The key to a "cultural weapon" is that the weapon and the culture evolve in parallel, interacting with one another. To make one realistically, you will need to evolve them in parallel as well.
This means that, as the weapon evolves, it is allowed to shape the culture in a way which then, in turn, shapes the evolution of the weapon.
One trick you can do to help identify cultural weapons is to do perturbation analyses. Tweak your culture just a little (not a lot), and see what changes. Do this over and over, and you'll find that some facets do not change very much. You'll find cultural weapons appear along these lines, because the culture will always be having to bend and flex (as all cultures do), but a weapon earning the title of "cultural weapon" will be along an axis that doesn't flex.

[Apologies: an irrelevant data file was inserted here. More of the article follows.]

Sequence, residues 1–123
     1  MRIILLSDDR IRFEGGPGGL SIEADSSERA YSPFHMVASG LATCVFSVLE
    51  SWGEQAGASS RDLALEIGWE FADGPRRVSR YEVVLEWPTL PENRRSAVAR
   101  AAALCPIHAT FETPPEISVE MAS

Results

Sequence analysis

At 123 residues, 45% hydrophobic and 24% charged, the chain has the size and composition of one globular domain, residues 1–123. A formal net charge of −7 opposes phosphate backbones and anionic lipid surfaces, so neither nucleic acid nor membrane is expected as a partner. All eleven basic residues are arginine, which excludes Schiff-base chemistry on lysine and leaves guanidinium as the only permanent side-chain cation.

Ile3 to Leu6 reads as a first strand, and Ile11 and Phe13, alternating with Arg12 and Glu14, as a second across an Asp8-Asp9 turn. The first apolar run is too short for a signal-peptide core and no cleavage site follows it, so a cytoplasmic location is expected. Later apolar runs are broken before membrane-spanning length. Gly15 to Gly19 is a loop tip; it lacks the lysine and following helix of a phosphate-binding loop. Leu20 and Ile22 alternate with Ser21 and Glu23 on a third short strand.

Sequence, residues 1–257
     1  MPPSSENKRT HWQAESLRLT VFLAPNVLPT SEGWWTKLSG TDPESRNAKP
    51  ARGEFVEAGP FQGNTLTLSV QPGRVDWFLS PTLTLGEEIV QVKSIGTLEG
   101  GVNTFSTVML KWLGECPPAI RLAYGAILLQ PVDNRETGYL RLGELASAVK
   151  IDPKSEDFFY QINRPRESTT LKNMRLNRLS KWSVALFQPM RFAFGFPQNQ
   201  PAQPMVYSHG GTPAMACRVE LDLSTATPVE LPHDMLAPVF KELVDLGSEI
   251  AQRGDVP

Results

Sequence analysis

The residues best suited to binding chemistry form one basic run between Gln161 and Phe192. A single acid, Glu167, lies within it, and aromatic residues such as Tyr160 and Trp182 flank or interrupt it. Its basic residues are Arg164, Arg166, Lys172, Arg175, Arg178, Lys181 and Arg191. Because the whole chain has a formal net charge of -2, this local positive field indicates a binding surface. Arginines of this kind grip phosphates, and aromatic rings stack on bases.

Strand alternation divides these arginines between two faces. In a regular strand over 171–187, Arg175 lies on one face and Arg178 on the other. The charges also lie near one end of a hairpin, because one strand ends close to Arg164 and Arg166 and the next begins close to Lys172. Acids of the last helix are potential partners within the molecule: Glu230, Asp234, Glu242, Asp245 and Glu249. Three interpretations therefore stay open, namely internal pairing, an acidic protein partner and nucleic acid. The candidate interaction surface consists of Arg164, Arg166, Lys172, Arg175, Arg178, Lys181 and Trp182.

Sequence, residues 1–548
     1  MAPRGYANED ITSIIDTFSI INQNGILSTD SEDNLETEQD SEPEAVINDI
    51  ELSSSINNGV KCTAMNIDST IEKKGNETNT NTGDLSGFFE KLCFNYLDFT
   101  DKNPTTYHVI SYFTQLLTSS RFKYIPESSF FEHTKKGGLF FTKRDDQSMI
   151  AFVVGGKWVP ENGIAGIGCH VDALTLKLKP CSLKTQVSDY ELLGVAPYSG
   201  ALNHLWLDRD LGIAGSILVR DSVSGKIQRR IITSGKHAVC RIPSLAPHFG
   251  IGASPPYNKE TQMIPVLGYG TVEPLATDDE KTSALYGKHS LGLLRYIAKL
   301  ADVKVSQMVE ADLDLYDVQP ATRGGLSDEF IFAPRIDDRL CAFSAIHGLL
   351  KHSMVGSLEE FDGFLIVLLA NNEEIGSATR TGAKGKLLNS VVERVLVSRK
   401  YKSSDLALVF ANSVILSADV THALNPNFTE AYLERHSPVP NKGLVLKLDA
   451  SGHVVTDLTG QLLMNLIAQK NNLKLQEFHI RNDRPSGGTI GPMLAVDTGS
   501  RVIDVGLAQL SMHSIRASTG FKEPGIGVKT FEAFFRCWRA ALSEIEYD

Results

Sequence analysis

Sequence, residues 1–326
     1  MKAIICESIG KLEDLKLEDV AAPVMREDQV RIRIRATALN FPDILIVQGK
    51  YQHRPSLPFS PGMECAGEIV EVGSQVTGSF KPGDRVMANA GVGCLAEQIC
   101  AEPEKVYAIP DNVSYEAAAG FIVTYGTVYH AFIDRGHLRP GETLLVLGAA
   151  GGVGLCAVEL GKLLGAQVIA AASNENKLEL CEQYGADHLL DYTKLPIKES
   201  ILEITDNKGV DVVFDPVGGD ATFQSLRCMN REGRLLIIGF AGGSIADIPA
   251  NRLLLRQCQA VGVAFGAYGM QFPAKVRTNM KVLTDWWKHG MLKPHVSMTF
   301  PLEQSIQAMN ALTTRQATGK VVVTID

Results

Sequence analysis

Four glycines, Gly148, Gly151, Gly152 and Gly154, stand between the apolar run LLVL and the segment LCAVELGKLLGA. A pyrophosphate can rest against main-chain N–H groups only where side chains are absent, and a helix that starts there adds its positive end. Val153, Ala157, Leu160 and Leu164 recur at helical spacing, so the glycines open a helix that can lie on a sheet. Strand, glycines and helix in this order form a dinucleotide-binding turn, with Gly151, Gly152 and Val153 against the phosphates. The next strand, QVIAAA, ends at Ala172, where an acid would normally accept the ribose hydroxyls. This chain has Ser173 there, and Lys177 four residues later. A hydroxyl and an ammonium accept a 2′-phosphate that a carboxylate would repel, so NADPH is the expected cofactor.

For example, take the katana, weapon of the Samurai. One of the unchanging facets you will find when you perturb Japanese culture is their unrelenting efforts for perfection of their art. Accordingly, the katana is a weapon which is designed for a warrior who has sought perfection. It magnifies the perfections in the Samauai code of bushido, but is very unforgiving to imperfections.
You can also look at the mongol horde. They are famous for basically inventing horseback archery. This one is easy to see: no matter how you perturb the mongol culture, they always find their way to better locations on hoseback.